Heroin-related deaths in Maryland spiked 88 percent from 2011 to 2013, according to figures released Friday by the state’s Department of Health and Mental Hygiene, and intoxication overdoses of all types now outnumber homicides in the state.
“Overdose is a public-health crisis in Maryland, as it is in many states,” said the agency’s secretary, Joshua Sharfstein, “and we are bringing everything we can to bear against this challenge.”
Cyndi Glass of Brookeville, whose son Jeremy died of a heroin overdose in 2008, gasped when she heard the statistics. “That is shocking. I knew it would increase, but I didn’t know it would increase that much,” she said.
Glass has been raising money for treatment, prevention and awareness programs because she had no idea, when her son was prescribed opioid painkillers after a football injury led to three knee surgeries, that it could possibly lead one day to a heroin addiction.
“He would have turned 26 yesterday,” she said.
Heroin use has been surging across the country — often as people addicted to prescription opiates switch to a similar, but cheaper and more readily available, high — with fatalities rising along with it.
In Virginia, heroin-related deaths more than doubled from 2011 through 2013, for a total of 213. In 2013 in Maryland, which has a more comprehensive system for tracking deaths, there were 464 — an 18 percent increase from the previous year.
Both states began training programs this year to help family members or friends learn to administer naloxone, a drug that can sometimes prevent an overdose. In Maryland, 2,000 people have been trained already in addition to the first-responders, Sharfstein said, and by July 1 all ambulances will carry naloxone.
Maryland saw a dramatic jump in the number of deaths from heroin spiked with non-prescription fentanyl. Typically they had seen two or three a month, Sharfstein said, “but in October we started to see 10, 15, 20 a month . . . and that has persisted, to a certain extent, into this year. That is a huge increase. Fentanyl is highly potent and definitely dangerous in combination with heroin. That is a huge challenge.”
Gov. Martin O’Malley (D) created an interagency council to try to prevent overdose deaths, using some of the same techniques the state has used to understand and reduce the number of homicides.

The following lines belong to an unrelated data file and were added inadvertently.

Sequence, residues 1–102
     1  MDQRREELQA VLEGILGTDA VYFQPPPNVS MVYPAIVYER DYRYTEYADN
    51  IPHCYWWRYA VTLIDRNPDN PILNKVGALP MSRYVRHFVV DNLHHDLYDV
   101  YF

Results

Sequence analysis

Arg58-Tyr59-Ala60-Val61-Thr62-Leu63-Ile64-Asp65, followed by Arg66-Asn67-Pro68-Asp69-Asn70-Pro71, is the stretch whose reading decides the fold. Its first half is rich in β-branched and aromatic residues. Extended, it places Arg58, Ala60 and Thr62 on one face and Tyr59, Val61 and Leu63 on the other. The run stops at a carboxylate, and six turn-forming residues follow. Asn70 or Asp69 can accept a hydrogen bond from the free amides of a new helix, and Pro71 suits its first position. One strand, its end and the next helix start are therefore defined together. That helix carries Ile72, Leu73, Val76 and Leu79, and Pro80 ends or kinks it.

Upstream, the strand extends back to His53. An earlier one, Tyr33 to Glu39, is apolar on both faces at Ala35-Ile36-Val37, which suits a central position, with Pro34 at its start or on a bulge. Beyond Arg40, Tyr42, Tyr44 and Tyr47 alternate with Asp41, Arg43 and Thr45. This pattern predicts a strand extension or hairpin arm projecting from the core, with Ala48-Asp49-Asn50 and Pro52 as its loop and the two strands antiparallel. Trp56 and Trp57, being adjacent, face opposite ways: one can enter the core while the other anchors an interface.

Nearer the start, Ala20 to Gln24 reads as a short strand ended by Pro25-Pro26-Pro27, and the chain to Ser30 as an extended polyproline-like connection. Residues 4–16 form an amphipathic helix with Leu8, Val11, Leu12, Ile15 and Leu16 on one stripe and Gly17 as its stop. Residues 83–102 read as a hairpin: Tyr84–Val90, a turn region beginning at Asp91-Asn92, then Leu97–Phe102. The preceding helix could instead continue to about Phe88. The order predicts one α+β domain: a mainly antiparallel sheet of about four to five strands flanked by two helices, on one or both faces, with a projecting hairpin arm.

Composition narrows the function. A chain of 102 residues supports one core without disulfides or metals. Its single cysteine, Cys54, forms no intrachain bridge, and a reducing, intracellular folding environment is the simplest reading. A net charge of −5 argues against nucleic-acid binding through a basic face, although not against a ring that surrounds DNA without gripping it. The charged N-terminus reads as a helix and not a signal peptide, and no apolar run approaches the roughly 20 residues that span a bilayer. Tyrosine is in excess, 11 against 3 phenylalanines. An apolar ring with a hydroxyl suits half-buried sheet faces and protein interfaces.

One of his main goals has been to reduce intoxication deaths by 20 percent by the end of next year. (A graphic of a meter on a state Web site shows negative 7.4 percent progress toward that goal, since all intoxication deaths increased from 799 to 858 in 2013.)
Heroin-related deaths increased in western and central Maryland and on the Eastern Shore. And they more than doubled in Frederick County, from 10 in 2012 to 21 in 2013.
Over the past five to 10 years, heroin, once mainly associated with urban centers such as Baltimore, has spread throughout the state, Sharfstein said. (Baltimore had a large increase in heroin deaths from 2012 to 2013, as well.)
The state has launched a public-information campaign to counter opioid overdoses, trying to erase stigmas about treatment such as methadone and looping in the 211 call centers so that people can ask where to find help.
Officials hope to provide everyone leaving detention centers with information warning about overdose deaths: Former inmates can easily overdose after being off the drug if they go back to their original dose once they're freed from incarceration because of lost tolerance. And officials will study cases, looking for common factors (such as certain doctors, in the case of prescription-drug overdoses), recent release from prison and so on.
The governor is also asking the boards that oversee prescribers to require all practitioners to take continuing education in two areas: Appropriate opioid prescribing and addiction treatment.
“It may be that we’re making some progress,” Sharfstein said. “It’s just hard to say, given the enormous increases affecting the East Coast right now. Everything we’re doing is really not enough to turn the corner.”